The news cycle is like a popularity contest — and Pope Francis is winning.
From when he first appeared on the global stage with his election to the papal office to his recent trip to the Philippines that drew six million people to an open-air mass, Pope Francis has been selling newspapers, literally and metaphorically. The current leader of the Roman Catholic church is so popular with the mainstream media he may be garnering the most attention ever for a pontiff, ahead of even Pope John Paul II.
“The media actually for the most part adores him. The conservative wing doesn’t so much. They worry that he’s a bit too liberal. But by and large, the media really likes this man,” said Eric Reguly, European bureau chief for The Globe and Mail. “He wants the church to not be ostentatious but to be working with the poor people and that immediately bought him love and respect from the media.”
Reguly has been based in Rome for the past seven years, a prime seat to observe the pope, the Vatican and any media frenzy surrounding it all, and regularly sees Francis on the front pages of Italian newspapers.
“The conclave in 2013 was a journalist mob scene,” he said. “I’ve never seen so many journalists in my life.”
Pope Francis has been different from the beginning. He was the first pontiff in hundreds of years to be elected after a pope — Benedict XVI — who retired from papal office. Once in office, everything from his choice of simple living quarters to his choice of modest transportation became news.
“He decided he’s not going to live in the papal apartment. He drives a little car. He’s always patting children on the head . . . he does all these things that brought him closer to the people, and the media responds to that because they see things changing and one of the things the media does is cover change,” said Toronto Star feature writer Sandro Contenta, author of the eBook The Francis Effect: How the Pope is Changing the Catholic Church.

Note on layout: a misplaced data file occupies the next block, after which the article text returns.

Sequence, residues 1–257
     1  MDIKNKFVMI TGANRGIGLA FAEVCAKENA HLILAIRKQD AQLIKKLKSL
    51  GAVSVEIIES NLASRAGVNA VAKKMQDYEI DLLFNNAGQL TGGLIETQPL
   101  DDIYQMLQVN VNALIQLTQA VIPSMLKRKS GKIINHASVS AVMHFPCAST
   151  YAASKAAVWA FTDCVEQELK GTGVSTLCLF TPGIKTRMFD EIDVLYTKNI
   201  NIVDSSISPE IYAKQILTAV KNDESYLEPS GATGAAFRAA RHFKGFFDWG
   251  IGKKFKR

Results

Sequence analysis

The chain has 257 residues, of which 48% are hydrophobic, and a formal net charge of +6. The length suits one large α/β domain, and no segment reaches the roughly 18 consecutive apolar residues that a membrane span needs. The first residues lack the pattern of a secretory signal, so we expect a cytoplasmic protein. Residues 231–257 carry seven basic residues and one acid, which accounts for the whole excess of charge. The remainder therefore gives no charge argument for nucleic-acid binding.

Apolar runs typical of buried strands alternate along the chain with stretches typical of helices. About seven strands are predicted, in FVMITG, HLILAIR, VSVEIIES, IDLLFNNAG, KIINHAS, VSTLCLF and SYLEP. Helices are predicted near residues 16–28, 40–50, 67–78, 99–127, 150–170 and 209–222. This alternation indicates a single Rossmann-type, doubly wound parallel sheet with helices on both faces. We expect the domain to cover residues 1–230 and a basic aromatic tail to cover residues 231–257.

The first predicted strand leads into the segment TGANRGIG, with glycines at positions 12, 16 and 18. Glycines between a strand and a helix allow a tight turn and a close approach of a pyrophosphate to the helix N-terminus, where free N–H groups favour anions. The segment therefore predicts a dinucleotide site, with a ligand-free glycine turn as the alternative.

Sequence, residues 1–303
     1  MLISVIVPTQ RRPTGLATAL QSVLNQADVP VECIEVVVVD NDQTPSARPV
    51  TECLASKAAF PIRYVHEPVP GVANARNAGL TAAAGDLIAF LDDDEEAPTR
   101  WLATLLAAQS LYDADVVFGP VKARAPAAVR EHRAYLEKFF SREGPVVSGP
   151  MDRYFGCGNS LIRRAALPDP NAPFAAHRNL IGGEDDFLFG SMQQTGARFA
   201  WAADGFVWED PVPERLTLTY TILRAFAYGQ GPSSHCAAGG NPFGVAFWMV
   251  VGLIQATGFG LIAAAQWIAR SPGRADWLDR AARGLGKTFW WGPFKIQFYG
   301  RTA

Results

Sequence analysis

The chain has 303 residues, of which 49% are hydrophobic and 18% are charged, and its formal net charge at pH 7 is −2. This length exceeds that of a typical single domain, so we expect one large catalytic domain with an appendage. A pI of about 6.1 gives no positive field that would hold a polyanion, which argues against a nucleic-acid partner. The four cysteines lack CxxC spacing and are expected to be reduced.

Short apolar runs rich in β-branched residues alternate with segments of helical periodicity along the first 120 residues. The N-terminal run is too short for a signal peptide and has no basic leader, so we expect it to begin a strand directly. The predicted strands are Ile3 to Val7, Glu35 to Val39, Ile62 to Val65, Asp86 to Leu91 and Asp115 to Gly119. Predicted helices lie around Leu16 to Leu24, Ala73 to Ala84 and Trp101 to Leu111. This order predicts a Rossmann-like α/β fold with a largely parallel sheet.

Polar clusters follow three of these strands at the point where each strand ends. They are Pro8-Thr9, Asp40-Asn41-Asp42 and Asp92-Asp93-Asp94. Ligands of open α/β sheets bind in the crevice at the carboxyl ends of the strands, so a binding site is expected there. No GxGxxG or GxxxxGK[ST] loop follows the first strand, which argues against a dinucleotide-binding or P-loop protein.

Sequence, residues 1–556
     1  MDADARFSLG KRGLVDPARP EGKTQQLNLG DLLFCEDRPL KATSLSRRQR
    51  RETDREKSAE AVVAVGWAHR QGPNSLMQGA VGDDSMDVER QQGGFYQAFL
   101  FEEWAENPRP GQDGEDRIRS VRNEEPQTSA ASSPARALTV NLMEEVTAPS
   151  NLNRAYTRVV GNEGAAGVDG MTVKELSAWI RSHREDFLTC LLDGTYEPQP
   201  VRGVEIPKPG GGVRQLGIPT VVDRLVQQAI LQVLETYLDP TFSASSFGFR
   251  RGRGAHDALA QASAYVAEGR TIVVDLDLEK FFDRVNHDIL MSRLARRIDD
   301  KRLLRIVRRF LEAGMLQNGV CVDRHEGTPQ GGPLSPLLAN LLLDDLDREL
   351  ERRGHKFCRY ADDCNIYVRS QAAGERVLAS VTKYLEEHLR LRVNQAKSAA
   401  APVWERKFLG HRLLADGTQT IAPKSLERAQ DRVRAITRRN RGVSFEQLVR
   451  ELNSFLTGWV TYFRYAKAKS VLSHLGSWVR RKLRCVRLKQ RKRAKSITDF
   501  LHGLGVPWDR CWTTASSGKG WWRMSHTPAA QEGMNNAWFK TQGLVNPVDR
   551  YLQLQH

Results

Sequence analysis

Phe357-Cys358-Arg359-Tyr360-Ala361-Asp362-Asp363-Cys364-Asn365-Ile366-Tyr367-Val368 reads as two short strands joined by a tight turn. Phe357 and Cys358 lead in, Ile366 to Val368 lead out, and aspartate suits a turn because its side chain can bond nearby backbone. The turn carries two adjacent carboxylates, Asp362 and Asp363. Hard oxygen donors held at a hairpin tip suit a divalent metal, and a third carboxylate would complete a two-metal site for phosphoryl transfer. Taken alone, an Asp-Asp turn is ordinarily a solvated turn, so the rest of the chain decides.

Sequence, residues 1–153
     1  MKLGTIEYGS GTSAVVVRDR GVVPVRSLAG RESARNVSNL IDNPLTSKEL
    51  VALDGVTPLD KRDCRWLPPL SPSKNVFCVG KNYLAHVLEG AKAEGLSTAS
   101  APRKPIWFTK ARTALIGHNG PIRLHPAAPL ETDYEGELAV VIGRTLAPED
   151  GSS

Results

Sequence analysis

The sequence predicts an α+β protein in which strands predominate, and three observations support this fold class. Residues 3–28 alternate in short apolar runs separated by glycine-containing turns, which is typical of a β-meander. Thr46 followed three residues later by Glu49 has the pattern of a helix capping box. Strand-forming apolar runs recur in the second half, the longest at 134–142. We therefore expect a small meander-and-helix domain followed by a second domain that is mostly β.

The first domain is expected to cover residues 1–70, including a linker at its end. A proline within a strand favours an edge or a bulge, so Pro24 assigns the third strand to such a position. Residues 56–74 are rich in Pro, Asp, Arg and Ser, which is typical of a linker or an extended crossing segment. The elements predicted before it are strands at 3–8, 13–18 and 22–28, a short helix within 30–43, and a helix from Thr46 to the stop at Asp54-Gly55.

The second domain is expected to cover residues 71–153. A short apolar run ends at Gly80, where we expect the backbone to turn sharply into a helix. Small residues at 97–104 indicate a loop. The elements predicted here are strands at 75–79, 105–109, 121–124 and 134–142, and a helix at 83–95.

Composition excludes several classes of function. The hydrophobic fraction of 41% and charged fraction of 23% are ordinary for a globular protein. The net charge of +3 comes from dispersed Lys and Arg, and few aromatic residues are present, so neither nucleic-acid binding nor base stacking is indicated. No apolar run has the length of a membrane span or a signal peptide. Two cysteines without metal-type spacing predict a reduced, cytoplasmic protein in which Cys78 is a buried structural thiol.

“There was this sense that there was a change happening. And so a sense of excitement that he sort of instilled in Catholics and everybody was looking at him for all sorts of reasons,” he said.
When Contenta was based in Jerusalem, he covered Pope John Paul II’s visit to the Holy Land. And when he was London bureau chief, he would fly to Rome to report on the Vatican.
“I think John Paul II got at least as much coverage as Pope Francis. John Paul II was very charismatic. Remember he used to do big spectacles. He would travel a lot . . . and that got a lot of attention,” he said. “Pope Francis might be covered more than Pope Benedict . . . (a) lot of Catholics feel more in tune with Pope Francis.”
Perception is linked with personality.
“Pope Benedict was very much the scholarly pope and so just on the level of personality, he was less charismatic than Pope Francis and therefore there was less excitement about him in the media,” said Contenta.
“(Francis is) a street pope. He’s a man of the people. He likes to get out with the crowd,” said Reguly.
“He comes across as a man who has confidence. He’s not cautious,” said Rob Robertson, senior producer of news at The National Post. “He doesn’t seem to be filtering what he’s saying. He seems to know what he believes. He seems comfortable to share it with the media and the world and those kinds of figures are always pretty compelling figures, especially when they have something to say.